Key point. Charitable contribution deductions for contributions of noncash property are subject to various substantiation requirements. Failure to comply with these requirements can result in a loss of any deduction even if there is no doubt that a contribution was made.
The United States Tax Court disallowed a married couple's $37,315 charitable contribution deduction for lack of proper substantiation. On Schedule A, Itemized Deductions, of their 2011 federal income tax return, a married couple (the "taxpayers") claimed a charitable contribution deduction of $37,315 for noncash charitable contributions, which the IRS disallowed in its entirety.
The taxpayers contend that they donated property during 2011 to four charitable organizations: the Upper Dublin Lutheran Church (Church), Goodwill Industries (Goodwill), the Military Order of the Purple Heart Service Foundation (Purple Heart), and Vietnam Veterans of America (Vietnam Veterans). The taxpayers' noncash contributions to the Church consisted of items they allegedly donated to its 2011 annual flea market. These items included books valued at $8,000, household items valued at $1,303, clothing valued at $1,000, toys valued at $822, telescopes valued at $800, jewelry valued at $780, and household furniture valued at $410, for a total of $13,115.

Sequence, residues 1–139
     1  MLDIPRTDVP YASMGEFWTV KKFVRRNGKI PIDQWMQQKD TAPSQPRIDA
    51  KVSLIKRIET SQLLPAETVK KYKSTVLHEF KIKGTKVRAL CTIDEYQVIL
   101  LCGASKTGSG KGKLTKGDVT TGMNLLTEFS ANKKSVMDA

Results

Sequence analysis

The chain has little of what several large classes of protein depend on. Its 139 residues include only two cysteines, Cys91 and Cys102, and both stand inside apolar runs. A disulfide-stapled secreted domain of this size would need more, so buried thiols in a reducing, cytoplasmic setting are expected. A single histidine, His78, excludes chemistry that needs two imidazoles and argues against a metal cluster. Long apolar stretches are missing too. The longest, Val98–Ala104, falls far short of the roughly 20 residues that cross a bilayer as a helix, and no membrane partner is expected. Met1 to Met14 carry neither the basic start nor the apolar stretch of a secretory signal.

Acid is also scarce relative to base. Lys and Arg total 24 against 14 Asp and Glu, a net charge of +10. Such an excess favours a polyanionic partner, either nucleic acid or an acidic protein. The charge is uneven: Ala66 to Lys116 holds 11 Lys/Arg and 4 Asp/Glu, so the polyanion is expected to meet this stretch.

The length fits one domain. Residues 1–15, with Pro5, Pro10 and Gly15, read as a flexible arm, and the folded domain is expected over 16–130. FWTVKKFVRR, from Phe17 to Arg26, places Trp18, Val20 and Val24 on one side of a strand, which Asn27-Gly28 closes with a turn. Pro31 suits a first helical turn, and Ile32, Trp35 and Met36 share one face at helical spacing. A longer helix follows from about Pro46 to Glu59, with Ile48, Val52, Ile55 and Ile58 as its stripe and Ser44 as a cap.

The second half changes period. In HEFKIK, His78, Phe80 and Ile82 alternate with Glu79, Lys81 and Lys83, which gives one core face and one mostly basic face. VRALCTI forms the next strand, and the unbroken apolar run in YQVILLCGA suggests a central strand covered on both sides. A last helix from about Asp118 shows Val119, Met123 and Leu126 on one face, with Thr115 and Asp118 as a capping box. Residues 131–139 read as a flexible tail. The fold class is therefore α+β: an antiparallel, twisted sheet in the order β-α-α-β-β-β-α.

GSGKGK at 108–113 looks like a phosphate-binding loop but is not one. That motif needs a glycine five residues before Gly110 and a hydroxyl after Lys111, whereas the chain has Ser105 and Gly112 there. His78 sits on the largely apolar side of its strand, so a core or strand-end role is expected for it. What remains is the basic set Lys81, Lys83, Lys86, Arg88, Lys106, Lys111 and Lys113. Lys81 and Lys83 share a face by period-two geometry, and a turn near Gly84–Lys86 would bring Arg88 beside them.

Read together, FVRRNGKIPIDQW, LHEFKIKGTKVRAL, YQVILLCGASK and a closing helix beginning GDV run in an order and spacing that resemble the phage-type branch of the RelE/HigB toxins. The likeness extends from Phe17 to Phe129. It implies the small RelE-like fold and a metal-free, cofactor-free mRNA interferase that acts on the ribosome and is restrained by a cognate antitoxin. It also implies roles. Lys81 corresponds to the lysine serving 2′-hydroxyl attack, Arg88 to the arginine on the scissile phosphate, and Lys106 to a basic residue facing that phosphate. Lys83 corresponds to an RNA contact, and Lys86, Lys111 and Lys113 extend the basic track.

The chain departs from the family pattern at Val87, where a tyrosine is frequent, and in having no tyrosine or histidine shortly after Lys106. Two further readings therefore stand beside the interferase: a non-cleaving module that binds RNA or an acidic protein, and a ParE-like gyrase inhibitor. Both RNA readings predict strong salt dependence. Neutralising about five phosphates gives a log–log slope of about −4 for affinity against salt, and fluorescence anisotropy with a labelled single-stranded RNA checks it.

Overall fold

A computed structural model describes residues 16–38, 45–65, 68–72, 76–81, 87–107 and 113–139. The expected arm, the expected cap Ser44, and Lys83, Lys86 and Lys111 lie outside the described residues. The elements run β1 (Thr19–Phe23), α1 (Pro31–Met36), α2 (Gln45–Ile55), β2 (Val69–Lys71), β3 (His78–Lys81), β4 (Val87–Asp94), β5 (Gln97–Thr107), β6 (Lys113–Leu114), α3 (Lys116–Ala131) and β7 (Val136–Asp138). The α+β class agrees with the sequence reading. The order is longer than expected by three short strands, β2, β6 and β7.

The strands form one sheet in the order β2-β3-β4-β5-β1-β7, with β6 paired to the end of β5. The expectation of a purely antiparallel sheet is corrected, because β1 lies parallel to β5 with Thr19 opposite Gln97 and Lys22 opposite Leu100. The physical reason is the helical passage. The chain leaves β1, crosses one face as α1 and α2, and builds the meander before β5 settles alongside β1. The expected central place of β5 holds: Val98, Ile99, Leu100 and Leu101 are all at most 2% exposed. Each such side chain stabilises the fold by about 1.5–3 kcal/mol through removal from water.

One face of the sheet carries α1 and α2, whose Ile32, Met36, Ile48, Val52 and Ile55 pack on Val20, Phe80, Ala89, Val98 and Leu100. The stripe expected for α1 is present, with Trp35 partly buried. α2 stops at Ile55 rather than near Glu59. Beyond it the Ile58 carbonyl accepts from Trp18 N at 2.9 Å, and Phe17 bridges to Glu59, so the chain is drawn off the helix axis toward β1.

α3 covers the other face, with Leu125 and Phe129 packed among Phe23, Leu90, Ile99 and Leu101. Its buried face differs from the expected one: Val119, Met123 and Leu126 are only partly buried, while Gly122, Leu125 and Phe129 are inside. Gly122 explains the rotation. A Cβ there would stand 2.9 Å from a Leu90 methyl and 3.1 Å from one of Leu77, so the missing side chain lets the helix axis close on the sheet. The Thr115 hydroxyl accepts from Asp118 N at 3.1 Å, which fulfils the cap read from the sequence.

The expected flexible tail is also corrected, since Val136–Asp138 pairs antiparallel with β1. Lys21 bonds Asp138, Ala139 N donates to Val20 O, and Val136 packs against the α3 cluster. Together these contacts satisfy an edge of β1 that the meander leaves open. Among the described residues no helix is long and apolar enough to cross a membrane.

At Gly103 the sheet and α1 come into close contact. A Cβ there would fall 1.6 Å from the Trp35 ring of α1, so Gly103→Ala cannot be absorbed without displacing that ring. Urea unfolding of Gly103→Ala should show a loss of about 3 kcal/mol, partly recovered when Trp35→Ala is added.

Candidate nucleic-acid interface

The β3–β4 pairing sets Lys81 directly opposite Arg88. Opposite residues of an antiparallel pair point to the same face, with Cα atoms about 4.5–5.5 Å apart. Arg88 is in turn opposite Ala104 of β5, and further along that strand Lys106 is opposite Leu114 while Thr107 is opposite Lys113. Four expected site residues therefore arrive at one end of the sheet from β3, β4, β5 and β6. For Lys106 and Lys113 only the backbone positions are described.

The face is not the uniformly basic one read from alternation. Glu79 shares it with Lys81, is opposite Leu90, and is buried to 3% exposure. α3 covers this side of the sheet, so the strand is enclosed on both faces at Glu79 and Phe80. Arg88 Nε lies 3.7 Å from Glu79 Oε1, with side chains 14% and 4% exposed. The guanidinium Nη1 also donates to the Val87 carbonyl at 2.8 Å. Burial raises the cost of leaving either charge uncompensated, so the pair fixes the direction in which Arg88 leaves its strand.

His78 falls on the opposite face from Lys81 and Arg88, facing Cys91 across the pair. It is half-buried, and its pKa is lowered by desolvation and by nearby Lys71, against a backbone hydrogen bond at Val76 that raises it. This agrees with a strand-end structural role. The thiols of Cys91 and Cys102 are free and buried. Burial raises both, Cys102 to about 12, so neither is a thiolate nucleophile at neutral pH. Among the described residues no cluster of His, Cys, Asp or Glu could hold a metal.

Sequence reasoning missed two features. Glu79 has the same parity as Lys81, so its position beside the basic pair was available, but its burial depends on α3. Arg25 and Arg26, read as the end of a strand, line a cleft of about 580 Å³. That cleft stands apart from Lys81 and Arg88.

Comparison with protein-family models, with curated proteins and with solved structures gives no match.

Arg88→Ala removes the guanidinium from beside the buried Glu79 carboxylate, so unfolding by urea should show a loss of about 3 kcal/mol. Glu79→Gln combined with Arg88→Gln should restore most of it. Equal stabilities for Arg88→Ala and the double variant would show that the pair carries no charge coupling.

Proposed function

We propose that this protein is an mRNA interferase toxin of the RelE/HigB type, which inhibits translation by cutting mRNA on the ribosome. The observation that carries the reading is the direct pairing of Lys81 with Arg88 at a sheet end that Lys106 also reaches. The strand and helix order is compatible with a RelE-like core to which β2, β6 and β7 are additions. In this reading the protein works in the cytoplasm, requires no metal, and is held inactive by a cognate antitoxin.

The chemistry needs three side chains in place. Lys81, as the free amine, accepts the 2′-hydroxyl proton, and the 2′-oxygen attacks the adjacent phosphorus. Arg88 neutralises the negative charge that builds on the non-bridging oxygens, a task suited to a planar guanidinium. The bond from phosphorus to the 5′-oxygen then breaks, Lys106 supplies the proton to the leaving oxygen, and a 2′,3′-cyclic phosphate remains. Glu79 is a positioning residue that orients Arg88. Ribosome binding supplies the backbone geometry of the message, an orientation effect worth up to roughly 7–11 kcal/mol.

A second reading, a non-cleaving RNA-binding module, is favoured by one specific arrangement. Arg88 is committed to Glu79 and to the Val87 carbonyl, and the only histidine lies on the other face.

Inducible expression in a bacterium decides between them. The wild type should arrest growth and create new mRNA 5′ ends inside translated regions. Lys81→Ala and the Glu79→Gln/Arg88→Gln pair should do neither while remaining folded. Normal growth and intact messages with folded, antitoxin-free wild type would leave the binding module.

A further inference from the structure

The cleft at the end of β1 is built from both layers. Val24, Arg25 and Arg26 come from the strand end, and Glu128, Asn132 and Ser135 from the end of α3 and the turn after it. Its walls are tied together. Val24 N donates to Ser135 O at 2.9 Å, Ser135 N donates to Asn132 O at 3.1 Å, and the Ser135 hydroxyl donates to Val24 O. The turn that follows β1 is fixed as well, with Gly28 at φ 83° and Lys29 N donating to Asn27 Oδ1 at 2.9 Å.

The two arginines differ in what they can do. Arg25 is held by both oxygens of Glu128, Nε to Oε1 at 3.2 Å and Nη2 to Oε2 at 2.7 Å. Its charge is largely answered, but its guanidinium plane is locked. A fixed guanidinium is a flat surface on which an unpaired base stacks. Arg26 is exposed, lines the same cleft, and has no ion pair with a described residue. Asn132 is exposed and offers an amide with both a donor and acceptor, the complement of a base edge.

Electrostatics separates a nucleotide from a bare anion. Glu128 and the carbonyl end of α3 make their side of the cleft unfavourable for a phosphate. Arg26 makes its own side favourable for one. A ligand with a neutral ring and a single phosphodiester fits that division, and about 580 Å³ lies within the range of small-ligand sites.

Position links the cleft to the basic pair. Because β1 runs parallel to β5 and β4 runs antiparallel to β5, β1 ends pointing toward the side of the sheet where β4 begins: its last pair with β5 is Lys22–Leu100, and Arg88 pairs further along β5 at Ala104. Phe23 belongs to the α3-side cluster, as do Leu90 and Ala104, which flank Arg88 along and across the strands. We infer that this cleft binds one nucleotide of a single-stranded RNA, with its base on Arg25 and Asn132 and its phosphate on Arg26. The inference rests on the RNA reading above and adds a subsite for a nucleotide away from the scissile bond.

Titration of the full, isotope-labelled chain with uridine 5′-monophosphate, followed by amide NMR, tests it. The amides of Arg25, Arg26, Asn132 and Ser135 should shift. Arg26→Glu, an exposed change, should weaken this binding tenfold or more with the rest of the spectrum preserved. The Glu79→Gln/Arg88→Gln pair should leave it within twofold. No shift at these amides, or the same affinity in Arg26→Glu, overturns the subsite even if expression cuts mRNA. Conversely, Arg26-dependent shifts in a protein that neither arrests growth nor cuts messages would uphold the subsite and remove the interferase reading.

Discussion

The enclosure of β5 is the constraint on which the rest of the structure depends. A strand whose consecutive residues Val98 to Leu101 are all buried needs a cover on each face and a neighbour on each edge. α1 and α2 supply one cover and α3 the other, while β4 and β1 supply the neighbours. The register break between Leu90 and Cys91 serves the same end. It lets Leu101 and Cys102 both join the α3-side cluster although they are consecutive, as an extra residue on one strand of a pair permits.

The taxpayers did not produce a receipt or an acknowledgment from the Church for their donations of any of these items. The Church was evidently equipped to provide such receipts, because petitioners claimed to have a receipt from the Church for their contributions to the 2012 flea market. The taxpayers produced no evidence, such as photographs, that any of the listed items were actually delivered to the Church. The Church did not inform the taxpayers whether any of the items allegedly contributed were sold or at what price.